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Scandalous Ignorance

Friday, May 24, 2013  |  posted by Garrett Fahy

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by Brian Fahy & Garrett Fahy

“Everything comes from the top.” This quote from an anonymous source in the IRS Determinations Unit explains why the IRS targeting of conservative groups did not likely originate with low level staffers at a remote IRS outpost. The truth is far different.

In March of 2010, the IRS offices on tax exempt entities, headed by Obama appointee Sarah Hall Ingram, began targeting conservative groups applying for tax exempt status by screening them based on impermissible criteria such as their political orientation or their names, names like “patriot” and “tea party.”  The IRS denied these groups’ applications, burdened them with onerous document requests, demanded unnecessary personal information, or just ignored the applications.

The bulk of the harassment was carried out by the Orwellian sounding IRS Determinations Unit in Cincinnati, Ohio, which in January of 2012, began unlawfully screening organizational applicants according to their policy positions, instead of according to tax-exempt laws and Treasury regulations. IRS offices in other states got in on the act and slow-walked or denied applications for tax exempt status by conservative groups.

Thus, just in time for the 2012 election, the IRS’ political war against conservative groups was in full swing.  The cover-up unfolded as follows.

In February of 2012, then director of the IRS Douglas Shulman testified before Congress that there was absolutely no targeting of conservative groups by the IRS. Yet only three months later, in May of 2012, the IRS finished its internal investigation into this allegedly non-existent targeting.

On June 4, 2012, Treasury’s general counsel, William J. Wilkins, learned that the Inspector General of the IRS was auditing the IRS for targeting politically conservative groups.  Neal Wolin, the number two at Treasury and deputy to Treasury Secretary Tim Geithner, was informed of the investigation shortly thereafter.

Cindy Thomas, the program manager for the tax exempt division who leaked confidential application details on conservative groups to the liberal site Pro Publica, oversaw this abuse. Ms. Thomas has not been fired, summoned to Congress to testify, or faced criminal charges.  Her time may yet come.

On May 10, 2013, Lois Lerner, head of the IRS Exempt Organizations division, acknowledged that her office had singled out conservative groups for legal and bureaucratic harassment.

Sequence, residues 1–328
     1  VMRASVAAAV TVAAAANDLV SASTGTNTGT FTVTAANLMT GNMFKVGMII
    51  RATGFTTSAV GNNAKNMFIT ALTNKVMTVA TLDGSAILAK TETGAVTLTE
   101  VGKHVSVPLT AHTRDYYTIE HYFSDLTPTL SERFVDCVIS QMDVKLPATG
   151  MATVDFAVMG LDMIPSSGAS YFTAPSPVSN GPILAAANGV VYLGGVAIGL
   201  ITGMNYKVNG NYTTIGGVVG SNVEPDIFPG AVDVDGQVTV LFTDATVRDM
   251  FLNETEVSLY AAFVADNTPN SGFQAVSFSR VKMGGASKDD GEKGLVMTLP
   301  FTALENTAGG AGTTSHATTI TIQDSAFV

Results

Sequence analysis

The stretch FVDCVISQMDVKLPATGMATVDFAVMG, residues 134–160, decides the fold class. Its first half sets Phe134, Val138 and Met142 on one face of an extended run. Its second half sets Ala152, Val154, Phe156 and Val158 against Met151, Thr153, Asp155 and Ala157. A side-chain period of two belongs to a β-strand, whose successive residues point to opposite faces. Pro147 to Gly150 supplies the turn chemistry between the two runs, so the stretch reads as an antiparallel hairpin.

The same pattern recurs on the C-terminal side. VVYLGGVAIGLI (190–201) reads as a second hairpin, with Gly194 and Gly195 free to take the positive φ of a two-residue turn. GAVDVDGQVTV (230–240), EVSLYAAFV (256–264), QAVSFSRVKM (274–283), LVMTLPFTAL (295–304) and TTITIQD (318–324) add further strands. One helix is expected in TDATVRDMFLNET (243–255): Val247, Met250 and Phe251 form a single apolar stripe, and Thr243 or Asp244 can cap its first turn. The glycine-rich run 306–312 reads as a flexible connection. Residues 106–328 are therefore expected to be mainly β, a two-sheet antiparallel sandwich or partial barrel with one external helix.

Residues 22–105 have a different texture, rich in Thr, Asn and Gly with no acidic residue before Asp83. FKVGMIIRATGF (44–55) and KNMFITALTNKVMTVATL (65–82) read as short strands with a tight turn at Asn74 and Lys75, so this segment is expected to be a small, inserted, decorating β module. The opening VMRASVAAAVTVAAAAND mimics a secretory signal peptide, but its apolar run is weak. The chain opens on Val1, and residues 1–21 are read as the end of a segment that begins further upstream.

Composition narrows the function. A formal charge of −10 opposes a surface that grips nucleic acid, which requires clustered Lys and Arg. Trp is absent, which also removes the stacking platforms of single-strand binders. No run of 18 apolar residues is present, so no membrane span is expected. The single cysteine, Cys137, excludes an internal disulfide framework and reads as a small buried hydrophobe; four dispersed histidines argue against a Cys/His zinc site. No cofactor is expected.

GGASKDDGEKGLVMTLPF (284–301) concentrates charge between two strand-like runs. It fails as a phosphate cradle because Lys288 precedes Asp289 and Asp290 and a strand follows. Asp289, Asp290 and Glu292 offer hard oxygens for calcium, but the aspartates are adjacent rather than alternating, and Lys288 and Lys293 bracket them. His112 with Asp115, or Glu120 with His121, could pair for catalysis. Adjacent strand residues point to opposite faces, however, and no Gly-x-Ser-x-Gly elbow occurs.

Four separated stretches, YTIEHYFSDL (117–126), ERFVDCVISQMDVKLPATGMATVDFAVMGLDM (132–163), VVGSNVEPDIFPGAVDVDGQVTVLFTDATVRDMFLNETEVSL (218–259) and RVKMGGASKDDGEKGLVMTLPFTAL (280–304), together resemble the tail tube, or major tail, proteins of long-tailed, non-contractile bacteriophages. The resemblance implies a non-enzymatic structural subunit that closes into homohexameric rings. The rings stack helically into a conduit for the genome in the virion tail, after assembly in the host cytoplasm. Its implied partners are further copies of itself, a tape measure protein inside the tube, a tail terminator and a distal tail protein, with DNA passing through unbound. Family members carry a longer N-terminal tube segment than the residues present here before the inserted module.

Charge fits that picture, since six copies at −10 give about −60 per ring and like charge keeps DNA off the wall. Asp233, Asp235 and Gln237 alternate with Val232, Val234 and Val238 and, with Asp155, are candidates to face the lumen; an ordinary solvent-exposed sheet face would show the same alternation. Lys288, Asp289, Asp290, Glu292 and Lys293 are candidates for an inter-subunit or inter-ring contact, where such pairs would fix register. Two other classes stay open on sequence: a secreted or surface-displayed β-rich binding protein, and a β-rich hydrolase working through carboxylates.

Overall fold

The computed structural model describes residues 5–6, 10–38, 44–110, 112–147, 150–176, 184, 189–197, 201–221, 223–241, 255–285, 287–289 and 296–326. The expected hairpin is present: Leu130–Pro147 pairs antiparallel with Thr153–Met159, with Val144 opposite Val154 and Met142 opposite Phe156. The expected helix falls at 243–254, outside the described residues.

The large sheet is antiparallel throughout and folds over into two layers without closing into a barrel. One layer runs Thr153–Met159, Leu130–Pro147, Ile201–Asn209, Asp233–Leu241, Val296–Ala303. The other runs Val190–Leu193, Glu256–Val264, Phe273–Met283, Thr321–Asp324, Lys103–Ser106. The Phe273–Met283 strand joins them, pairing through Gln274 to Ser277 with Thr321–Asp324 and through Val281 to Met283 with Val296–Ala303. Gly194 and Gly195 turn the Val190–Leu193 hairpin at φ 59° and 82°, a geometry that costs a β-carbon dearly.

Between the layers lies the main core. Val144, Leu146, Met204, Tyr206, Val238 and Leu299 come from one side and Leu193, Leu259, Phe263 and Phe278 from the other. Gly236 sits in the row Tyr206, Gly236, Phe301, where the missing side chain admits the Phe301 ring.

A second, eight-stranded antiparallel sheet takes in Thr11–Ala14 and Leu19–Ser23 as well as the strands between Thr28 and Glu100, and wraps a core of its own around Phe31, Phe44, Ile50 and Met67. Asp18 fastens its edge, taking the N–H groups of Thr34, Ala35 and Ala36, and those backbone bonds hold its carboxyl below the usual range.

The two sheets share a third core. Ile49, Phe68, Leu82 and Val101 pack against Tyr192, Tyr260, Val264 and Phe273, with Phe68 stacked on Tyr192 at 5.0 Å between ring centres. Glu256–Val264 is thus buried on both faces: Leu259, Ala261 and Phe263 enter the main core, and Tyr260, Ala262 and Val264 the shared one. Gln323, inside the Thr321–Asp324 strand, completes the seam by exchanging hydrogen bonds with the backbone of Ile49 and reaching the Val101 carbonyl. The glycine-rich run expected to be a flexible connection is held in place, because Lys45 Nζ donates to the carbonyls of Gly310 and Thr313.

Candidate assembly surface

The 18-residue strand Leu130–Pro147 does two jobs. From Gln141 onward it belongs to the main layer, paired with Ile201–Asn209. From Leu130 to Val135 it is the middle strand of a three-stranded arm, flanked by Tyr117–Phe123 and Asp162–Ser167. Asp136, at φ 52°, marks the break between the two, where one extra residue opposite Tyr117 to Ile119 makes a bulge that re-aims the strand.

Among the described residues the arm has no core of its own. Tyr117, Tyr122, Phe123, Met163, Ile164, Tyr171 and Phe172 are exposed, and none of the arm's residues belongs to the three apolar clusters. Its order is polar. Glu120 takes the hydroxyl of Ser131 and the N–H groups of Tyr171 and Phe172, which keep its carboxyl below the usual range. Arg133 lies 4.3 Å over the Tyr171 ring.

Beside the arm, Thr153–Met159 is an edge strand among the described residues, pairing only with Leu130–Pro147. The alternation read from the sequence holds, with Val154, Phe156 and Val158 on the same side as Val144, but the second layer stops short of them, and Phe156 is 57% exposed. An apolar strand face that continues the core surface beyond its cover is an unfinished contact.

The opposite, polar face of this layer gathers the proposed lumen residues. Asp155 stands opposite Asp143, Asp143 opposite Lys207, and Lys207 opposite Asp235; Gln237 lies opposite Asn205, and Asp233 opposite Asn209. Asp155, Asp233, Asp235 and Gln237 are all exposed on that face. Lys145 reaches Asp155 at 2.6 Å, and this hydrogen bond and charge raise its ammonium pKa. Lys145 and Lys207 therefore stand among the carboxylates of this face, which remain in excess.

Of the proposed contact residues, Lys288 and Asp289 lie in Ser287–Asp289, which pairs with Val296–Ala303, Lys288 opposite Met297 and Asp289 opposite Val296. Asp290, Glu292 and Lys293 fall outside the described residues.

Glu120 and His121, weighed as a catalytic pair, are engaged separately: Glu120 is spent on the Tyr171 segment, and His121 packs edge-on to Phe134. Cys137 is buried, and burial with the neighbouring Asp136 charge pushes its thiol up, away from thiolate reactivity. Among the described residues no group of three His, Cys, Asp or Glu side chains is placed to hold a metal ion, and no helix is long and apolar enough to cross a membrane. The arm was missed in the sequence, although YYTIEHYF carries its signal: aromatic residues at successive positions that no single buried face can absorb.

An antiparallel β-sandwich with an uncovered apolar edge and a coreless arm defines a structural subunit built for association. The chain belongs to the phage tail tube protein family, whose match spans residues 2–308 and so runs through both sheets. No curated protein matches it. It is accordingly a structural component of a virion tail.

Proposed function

On May 22, 2013, Ms. Lerner told the House Oversight and Government Reform committee, “I have not done anything wrong.” She made this statement then invoked her 5th Amendment right against self-incrimination. The problem is that she can’t have it both ways: She can’t proclaim her innocence, and then claim a privilege that requires silence.

The same duplicity is seen in the White House’s shifting explanations on the IRS scandal.  The White House claims the president was not aware of the IRS targeting of conservative groups until news reports broke the story.  Yet Kathryn Ruemmler, the president’s top lawyer, knew of the IRS investigation and the IG’s report, and she apparently failed to notify the president.

If she knew, that likely means many other White House officials on the president’s senior staff also knew.  Did none of them inform the president? If not, why not?

The IRS scandal, the most recent of many to conveniently emerge after the 2012 election, demonstrates a consistent administration pattern: when the facts don’t fit the Obama political narrative, the truth is buried, ignorance is claimed by those at the top, and no senior staff is held accountable.

Prior to the election, the White House calculated that the president could, under the guise of campaign finance concern, demonize conservative groups, question their funding, and then claim ignorance and outrage when low level functionaries took actions consistent with his comments.  We now see the fruits of this strategy in the IRS scandal.  But the strategy goes beyond the IRS.

Obama claimed during the 2012 campaign that the War on Terror was over so the administration could not acknowledge terrorism at work in Benghazi. The Administration lied about what happened, lied about the explanation, and no one has been held to account.

Similarly, on immigration reform, the White House has been so obsessed with granting amnesty to illegal immigrants that it covered up the Fast & Furious gun running debacle, which proved the border is lawless and the government hapless to address it.

The law holds individuals responsible for the reasonably foreseeable consequences of their actions.  But not in Washington, where truth and accountability give way when they conflict with the political narrative. No senior political appointees lost their jobs as a result of Fast & Furious, Benghazi, or the IRS scandal.

In a more just world, Eric Holder, Hillary Clinton, Sarah Hall Ingram and Lois Lerner would have been fired. But this isn’t that world. This is the Obama administration, where everything – the Fast & Furious debacle, the Benghazi deception, the IRS targeting – comes from the top.

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